Melchert said they will be asking about why the school division feels the funds could be used in a different way, where they will be used instead and who is going to do the work instead of the community school co-ordinators.
“That is the part that is so confusing to so many in the community -- that role has been revered for many years in this community,” Melchert said. “These individuals have been seen as highly professional, skilled people who create a welcoming climate that has really led to a great comfort level for many displaced people who are coming to P.A. from other communities.”
The separate school division will be keeping their community school co-ordinators, Melchert said.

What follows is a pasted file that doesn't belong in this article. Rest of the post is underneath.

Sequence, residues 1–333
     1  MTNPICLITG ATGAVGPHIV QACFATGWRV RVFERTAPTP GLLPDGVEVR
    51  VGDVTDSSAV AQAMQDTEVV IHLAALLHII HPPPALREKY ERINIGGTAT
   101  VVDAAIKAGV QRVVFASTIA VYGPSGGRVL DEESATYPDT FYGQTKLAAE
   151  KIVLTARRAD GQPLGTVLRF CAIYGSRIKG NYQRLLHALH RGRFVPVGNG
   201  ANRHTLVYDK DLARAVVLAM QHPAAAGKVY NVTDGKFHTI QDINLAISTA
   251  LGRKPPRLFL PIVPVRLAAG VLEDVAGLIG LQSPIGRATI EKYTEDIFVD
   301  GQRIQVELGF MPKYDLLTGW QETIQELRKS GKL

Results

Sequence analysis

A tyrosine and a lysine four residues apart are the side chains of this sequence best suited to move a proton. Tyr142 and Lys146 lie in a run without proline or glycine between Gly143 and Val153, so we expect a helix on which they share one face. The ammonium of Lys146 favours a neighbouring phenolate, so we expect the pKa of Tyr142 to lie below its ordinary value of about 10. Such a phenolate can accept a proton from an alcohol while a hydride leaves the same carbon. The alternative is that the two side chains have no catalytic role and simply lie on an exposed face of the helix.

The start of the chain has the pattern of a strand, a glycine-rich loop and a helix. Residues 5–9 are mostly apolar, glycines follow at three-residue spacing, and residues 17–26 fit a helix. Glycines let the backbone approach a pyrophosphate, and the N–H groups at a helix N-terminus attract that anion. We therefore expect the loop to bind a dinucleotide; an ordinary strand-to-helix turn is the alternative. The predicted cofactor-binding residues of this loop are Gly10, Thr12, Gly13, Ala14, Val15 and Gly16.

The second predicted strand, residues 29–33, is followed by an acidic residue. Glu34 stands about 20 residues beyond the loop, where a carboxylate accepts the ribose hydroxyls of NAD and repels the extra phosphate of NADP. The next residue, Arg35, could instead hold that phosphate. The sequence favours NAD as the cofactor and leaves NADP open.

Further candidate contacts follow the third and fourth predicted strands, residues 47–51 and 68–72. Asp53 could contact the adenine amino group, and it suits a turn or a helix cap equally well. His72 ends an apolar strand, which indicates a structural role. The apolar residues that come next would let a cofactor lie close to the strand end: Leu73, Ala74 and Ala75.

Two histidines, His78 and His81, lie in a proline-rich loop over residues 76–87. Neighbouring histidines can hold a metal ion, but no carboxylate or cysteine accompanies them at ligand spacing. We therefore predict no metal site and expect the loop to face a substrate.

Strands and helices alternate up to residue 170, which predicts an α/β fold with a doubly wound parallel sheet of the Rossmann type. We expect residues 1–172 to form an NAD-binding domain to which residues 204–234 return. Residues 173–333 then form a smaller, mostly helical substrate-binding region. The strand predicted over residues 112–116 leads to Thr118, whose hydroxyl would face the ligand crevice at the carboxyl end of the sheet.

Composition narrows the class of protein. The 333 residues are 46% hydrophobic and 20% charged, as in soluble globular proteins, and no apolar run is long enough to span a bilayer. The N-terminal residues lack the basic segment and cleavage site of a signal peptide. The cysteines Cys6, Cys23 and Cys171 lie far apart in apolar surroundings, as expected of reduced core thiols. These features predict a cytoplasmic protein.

“Many other school divisions are following suite and know the value of the work the co-ordinators and those teams do,” Melchert said. “They bring in a lot of funds, they apply for grants and create partnerships -- the value of the co-ordinator far outweighs the cost of their wage. Many school divisions feel that way.”
She doesn’t want to cause problems with the school division, just find some answers for concerned citizens.
“We are not agitating, we are not trying to tell them what to do, we simply want to provide them with more information about how the community feels about it,” Melchert said.
Melchert said anyone who has questions can contact the Sask. Rivers School Division directly, but if they feel more comfortable contacting her, she can be contacted at 306-764-3389 or by email at firstname.lastname@example.org.